Could dreams possibly be made of atoms? In this comprehensive essay, explorer Dr Rory Mac Sweeney examines consciousness from inside the world of lucid dreaming and contrasts it with that of the waking mind which reflects it. Why do dreams have gravity or moreover why is it sometimes they do not? The answer, Mac Sweeney concludes, must be in the metaphysics. In this book he outlines his own original theory of matter and mind and shows how they may ultimately be absolved of their paradoxical dance.
As the new millennium begins to bed in, a swell of information is pushing the ontological pendulum from the reductionist-materialist view to the magical paradigm of reality. This, Mac Sweeney proposes, is not mere coincidence but a natural shift in the melody of nature, one which is catalysing the entire cosmos into a more complex, creative and dynamic state. Never one to shy away from controversy, Dr Mac Sweeney promises to tear up the fabric of conventional thinking and shake the very foundations of the reader's view of reality.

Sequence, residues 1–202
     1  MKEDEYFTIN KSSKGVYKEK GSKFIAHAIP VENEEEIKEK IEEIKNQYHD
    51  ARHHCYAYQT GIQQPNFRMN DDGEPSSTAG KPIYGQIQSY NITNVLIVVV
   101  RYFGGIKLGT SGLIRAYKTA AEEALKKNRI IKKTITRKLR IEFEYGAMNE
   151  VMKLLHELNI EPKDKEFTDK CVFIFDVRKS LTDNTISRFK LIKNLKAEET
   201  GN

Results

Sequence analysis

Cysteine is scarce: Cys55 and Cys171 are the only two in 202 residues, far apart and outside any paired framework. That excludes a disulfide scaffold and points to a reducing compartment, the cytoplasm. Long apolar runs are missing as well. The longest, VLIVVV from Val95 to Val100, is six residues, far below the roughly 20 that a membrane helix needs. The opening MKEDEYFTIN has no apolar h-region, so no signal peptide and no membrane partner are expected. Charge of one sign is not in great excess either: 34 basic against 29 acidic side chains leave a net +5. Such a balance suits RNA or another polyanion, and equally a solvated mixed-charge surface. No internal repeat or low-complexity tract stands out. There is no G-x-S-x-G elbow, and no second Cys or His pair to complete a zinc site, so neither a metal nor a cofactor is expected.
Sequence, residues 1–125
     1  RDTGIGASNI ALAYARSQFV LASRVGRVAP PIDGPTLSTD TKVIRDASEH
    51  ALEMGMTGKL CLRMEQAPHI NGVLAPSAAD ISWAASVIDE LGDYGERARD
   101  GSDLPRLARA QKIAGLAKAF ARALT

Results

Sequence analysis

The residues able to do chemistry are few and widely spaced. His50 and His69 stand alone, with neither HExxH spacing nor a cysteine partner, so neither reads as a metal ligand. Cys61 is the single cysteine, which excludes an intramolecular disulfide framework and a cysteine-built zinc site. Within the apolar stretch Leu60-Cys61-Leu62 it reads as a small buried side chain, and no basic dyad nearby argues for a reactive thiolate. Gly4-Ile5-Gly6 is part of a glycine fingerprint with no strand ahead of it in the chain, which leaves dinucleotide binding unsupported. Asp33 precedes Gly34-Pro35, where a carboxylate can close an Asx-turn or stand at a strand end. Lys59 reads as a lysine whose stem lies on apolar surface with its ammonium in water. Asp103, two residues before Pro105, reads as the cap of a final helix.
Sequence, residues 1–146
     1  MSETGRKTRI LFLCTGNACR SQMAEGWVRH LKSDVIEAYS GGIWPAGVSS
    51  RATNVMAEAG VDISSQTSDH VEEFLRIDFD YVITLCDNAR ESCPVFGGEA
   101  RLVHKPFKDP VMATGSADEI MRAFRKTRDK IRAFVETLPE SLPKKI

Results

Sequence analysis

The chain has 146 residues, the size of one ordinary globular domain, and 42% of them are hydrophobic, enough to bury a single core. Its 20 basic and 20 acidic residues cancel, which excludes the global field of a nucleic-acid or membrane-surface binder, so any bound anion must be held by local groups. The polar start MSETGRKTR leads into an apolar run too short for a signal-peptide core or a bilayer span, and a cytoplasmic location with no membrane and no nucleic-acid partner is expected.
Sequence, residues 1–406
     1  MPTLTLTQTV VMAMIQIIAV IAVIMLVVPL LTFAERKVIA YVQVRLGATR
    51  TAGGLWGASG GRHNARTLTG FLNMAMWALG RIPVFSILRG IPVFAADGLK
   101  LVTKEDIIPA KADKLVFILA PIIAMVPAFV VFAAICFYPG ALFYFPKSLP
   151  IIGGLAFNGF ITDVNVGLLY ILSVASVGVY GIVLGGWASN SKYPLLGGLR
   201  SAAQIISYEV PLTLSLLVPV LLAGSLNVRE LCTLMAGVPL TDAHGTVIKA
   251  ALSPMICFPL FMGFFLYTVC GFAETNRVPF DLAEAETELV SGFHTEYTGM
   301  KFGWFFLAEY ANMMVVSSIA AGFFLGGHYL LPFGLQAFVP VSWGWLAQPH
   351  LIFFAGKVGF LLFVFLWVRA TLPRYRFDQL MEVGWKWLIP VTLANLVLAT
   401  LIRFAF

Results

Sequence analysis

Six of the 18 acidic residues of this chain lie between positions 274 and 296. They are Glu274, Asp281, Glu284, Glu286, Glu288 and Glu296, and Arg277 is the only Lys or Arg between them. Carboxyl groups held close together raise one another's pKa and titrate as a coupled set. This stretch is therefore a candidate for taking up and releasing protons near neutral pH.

Dr Rory Mac Sweeney is an avid explorer of altered states of consciousness. His primary area of interest is lucid dreaming which he has been practicing routinely for several years now. Since discovering he had the ability to enter into this elusive state he has used it as a laboratory in which to experiment and extrapolate the nature of reality. He is a lifelong martial artist and has uniquely used his knowledge of Chi Kung to act as a probe for investigating the fabric of the dream world. This has led to him forging his own metaphysical theory of mind, the double edge self theory, which he discusses in his debut book, The Paradox of Lucid Dreaming. In his professional life Dr Mac Sweeney is a dental surgeon and he works in private practice in central London. He also has a degree in genetics and maintains a constant interest in all aspects of science. Rory can frequently be heard offering his expert opinion at various specialist conferences and podcasts. He is constantly researching and refining his views of consciousness, with the hope that inner space will one day hold as much sway with the scientific community as outer space currently does. In this regard he considers lucid dreaming to be an essential ontological concern. Rory can be contacted on his home site at www.wakeupinyourdreams.com
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